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Recommendations for Maintaining Postharvest Quality

Elizabeth J. Mitcham, Carlos H. Crisosto and Adel A. Kader Department of Pomology, University of California, Davis, CA 95616

Maturity Indices
Skin color and soluble solids content (SSC) are the main criteria used to judge fruit maturity. Minimum maturity in California requires that the entire cherry surface have a minimum of light red color and/or 14 to 16% SSC, depending on the variety. The red mahogany stage is recommended for harvest of Brooks, Garnet, Ruby, Tulare and King varieties.

Quality Indices
Taste is related to SSC, titratable acidity (TA) and the ratio of SSC/TA. Freedom from cracks, bird pecks, shriveling, decay or misshappen fruit (doubles, spurs). Green fleshy stems are often associated with freshness and quality.

Optimum Temperature
-0.5 ± 0.5°C (31 ± 1°F)

Optimum Relative Humidity
90-95%; high humidity is particularly important to maintain green stem color.

Rates of Respiration Production

Temperature 0°C (32°F) 5°C (41°F) 10°C (50°F) 20°C (68°F)
ml CO2/kg·hr 3 – 5 5 – 9 15 – 17 22 – 28

To calculate heat production multiply ml CO2/kg·hr by 440 to get Btu/ton/day or by 122 to get kcal/metric ton/day.

Rates of Ethylene
< 1 µl/kg·hr at 20°C (68°F)

Responses to Ethylene
Cherry response to ethylene is minimal. Ethylene does not accelerate cherry ripening.

Responses to Controlled Atmospheres (CA)
CA reduces respiration rate and thereby increases postharvest life. Elevated CO2suppresses decay development. Modified atmosphere packaging within boxes has been very successful. Successful atmospheres are generally within the following ranges:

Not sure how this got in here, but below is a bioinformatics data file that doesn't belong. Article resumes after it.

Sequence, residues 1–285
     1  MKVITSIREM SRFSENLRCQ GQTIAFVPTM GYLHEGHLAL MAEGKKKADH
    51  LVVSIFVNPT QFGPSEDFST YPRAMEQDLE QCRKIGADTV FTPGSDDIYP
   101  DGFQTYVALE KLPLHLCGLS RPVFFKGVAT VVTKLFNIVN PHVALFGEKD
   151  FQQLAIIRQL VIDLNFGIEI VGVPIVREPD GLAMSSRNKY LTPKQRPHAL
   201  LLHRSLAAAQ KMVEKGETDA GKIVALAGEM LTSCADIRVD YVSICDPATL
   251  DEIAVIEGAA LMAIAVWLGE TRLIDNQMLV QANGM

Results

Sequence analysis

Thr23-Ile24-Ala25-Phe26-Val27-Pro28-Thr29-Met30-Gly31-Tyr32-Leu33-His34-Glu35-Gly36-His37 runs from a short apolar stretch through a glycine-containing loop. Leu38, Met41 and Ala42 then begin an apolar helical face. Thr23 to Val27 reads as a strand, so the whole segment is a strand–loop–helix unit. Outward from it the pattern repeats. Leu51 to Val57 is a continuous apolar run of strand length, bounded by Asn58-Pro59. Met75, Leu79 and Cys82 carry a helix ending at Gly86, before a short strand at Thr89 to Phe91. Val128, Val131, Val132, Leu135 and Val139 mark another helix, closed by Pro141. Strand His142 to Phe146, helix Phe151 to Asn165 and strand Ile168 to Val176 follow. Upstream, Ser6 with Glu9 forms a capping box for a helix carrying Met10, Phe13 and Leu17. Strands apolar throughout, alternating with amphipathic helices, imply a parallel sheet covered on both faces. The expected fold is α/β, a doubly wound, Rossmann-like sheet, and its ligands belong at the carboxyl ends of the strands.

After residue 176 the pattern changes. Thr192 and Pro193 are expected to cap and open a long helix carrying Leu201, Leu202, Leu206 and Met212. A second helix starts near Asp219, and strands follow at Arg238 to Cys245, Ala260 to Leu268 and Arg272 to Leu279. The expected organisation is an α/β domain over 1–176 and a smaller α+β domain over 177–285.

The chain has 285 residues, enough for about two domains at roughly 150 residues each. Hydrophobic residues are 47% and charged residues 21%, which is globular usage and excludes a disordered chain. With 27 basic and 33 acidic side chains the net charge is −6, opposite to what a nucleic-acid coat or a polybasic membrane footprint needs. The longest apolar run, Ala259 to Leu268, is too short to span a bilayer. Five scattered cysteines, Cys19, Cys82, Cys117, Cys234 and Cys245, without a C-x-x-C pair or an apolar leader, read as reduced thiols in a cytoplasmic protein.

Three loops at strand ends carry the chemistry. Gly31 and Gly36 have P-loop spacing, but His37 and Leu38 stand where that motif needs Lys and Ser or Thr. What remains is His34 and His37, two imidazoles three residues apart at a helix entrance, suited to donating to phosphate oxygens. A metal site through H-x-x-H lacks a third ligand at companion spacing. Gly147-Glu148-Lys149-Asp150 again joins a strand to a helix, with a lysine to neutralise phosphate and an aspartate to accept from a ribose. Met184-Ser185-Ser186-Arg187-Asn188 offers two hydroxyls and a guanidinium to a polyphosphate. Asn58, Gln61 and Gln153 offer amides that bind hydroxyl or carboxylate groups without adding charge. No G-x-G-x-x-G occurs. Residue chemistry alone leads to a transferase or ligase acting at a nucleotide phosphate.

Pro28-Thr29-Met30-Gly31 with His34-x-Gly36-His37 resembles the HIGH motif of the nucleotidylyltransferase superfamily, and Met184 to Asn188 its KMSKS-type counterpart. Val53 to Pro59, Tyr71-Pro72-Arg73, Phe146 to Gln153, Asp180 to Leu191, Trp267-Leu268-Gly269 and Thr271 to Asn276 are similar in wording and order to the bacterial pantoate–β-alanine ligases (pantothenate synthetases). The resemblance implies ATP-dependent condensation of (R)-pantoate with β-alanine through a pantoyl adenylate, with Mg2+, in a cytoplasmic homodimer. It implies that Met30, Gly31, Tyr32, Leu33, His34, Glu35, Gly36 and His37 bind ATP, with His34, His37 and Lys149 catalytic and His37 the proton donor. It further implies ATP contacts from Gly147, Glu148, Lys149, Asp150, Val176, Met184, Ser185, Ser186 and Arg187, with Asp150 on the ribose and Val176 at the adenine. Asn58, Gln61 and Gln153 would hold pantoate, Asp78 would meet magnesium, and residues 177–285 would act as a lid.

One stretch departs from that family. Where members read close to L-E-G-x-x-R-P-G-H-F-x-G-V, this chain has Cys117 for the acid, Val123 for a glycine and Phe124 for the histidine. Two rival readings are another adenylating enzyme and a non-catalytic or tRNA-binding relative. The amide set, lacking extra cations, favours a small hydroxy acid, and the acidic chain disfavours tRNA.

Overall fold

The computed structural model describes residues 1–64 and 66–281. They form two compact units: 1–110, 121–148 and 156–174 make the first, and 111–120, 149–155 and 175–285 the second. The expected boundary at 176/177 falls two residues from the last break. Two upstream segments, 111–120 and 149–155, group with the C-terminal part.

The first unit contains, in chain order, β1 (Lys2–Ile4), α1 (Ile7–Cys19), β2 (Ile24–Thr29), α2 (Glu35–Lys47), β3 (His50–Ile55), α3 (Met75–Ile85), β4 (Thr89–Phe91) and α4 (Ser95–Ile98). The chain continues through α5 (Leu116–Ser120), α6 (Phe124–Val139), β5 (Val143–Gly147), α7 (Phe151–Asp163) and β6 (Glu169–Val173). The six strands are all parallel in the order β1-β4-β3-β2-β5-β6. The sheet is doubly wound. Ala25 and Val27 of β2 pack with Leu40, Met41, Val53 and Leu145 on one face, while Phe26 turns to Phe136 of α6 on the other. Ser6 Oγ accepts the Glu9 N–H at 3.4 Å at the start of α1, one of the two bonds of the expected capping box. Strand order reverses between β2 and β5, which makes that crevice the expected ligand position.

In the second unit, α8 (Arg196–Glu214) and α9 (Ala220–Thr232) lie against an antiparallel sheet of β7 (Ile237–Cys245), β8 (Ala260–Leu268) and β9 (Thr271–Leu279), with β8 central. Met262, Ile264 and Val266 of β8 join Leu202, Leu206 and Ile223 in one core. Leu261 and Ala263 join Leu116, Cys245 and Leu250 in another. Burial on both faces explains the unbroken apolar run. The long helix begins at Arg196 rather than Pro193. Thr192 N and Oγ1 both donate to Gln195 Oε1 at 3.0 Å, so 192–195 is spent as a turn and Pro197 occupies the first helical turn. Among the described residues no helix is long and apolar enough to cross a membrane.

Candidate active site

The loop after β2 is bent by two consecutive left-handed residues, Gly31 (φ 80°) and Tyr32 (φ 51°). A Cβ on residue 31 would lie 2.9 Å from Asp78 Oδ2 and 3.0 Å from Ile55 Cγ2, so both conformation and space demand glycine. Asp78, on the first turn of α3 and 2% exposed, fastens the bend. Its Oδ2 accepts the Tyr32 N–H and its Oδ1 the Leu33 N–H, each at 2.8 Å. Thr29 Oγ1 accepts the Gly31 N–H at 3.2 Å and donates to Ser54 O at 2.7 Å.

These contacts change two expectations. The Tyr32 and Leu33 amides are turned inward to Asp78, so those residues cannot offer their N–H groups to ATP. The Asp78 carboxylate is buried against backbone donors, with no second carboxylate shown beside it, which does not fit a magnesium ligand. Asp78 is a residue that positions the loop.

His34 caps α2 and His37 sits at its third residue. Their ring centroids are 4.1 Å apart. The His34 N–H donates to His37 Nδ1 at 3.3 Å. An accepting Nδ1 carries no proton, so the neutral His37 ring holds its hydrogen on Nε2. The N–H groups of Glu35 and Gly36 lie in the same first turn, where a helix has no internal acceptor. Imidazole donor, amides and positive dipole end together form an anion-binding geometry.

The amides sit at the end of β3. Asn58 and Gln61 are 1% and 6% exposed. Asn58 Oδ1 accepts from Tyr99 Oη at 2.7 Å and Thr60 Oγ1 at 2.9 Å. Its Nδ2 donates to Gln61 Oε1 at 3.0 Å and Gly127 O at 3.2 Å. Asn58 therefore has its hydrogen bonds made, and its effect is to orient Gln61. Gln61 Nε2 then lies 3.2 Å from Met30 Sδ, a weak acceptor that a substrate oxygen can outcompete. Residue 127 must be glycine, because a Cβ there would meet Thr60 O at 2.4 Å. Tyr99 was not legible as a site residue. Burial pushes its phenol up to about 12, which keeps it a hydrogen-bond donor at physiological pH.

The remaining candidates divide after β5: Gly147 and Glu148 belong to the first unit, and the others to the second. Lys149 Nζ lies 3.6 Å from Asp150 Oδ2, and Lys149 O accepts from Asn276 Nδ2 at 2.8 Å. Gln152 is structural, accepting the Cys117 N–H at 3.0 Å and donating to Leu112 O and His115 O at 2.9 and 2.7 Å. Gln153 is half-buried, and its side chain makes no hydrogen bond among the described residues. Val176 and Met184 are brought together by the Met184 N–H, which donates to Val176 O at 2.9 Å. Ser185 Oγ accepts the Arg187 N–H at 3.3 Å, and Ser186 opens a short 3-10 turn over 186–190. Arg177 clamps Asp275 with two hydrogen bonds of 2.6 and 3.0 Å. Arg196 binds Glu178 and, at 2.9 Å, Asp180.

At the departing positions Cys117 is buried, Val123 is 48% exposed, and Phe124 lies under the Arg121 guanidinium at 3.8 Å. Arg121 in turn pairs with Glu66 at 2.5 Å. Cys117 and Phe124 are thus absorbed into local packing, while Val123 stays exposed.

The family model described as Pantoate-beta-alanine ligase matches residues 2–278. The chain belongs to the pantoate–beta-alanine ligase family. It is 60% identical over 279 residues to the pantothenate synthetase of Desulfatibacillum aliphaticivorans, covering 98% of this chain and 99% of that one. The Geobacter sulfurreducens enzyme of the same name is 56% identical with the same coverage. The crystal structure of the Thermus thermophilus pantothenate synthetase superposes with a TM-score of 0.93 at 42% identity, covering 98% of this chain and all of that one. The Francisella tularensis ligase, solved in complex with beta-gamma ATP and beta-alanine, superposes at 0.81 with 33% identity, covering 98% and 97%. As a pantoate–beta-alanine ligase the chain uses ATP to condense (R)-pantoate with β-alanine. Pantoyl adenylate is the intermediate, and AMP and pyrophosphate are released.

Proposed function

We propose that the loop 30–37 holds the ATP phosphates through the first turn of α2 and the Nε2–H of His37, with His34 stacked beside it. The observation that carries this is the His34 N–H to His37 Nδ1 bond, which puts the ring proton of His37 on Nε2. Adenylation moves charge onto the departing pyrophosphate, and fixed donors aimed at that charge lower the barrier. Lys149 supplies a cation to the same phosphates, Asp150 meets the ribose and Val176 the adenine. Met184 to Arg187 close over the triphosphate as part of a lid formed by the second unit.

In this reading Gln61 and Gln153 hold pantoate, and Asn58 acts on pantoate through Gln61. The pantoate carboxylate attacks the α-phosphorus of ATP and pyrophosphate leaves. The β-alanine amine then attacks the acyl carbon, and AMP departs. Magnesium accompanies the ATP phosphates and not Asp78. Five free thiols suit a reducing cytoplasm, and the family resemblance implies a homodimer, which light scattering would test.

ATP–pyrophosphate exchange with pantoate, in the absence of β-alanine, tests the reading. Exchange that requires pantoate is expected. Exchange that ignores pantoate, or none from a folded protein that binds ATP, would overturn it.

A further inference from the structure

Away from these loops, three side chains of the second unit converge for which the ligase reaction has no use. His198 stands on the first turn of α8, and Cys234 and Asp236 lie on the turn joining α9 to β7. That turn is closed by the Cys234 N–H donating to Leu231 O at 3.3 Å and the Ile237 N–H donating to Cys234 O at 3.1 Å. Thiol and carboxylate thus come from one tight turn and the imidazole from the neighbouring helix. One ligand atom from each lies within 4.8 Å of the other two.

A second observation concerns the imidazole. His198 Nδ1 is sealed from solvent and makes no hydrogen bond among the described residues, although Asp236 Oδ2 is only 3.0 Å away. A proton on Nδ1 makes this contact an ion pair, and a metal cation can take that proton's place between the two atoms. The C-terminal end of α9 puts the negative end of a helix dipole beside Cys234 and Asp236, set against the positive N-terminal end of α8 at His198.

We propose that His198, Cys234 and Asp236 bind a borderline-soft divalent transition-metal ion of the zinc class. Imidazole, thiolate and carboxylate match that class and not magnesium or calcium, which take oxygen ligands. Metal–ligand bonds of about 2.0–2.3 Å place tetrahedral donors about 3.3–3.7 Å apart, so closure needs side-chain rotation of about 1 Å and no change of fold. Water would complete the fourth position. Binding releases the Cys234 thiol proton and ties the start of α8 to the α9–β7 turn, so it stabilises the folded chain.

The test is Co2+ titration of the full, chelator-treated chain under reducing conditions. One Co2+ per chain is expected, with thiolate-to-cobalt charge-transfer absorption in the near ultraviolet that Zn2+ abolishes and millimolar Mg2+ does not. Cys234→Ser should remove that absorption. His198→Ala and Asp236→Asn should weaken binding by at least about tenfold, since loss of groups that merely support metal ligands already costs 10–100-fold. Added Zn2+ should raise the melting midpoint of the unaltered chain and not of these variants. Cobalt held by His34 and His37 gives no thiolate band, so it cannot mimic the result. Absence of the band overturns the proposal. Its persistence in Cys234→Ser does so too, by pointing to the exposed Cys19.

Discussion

3 to 10% O2
10 to 15% CO2
< 1% O2 can result in skin pitting and off-flavors
> 30% CO2 can result in brown skin discoloration and off-flavors.

Flavor volatiles may be reduced following several weeks of CA storage resulting in fruit of good visual quality but poor sensory quality.

Physiological & Physical Disorders
Pitting. An indentation in the surface of the fruit caused by the collapse of cells under the skin. Thought to result from impact injury.

Bruising. Results from compression and impact of the fruit.

Postharvest life is closely related to respiration rate. Respiration rate increases as a result of increased temperature and physical injury.

Pathological Disorders
Brown Rot. Caused by Monilinia fruticola, disease can begin in the orchard or postharvest. Pre and postharvest control measures are necessary.

Grey Mold. Caused by Botrytis cinerea, a fungus that continues to grow slowly at 0°C (32°F).

Rhizopus Rot. Caused by Rhizopus stolonifer, a fungus that is found in fruit exposed to temperatures of 5°C (41°F) or greater.

Proper temperature management (rapid cooling to optimum storage temperature) can completely control Rhizopus Rot and significantly reduce Brown Rot and Grey Mold. Eliminating injured and diseased fruit from the packed box is important. Fungicide treatments, pre and postharvest are often beneficial.

Postharvest Technology Research and Information Center
Department of Pomology
University of California
One Shields Ave., Davis, CA 95616-8683Send comments and questions to Postharvest Technology Research and Information Center
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Produce/ProduceFacts/Fruit/cherry.html updated June 26, 2000

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